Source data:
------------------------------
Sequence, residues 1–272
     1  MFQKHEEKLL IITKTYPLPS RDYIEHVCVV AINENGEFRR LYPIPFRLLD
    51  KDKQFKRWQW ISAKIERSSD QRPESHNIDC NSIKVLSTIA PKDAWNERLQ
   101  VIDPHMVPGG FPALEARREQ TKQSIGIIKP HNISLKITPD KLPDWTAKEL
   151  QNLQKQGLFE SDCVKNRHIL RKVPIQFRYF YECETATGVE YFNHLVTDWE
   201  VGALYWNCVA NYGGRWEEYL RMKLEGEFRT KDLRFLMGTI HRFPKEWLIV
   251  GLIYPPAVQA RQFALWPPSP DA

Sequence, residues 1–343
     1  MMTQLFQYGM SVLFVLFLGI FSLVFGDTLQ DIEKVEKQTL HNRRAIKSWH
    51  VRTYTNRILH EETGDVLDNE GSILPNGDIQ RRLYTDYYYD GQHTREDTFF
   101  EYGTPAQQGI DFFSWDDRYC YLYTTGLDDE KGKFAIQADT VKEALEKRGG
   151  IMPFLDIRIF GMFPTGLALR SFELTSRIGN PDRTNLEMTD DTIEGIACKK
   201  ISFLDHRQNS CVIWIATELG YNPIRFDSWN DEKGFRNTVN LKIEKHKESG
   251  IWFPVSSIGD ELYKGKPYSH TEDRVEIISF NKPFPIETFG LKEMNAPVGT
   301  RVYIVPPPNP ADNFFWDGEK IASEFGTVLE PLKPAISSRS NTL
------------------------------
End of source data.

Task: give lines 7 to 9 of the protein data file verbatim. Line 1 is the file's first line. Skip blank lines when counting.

   251  GLIYPPAVQA RQFALWPPSP DA

Sequence, residues 1–343
     1  MMTQLFQYGM SVLFVLFLGI FSLVFGDTLQ DIEKVEKQTL HNRRAIKSWH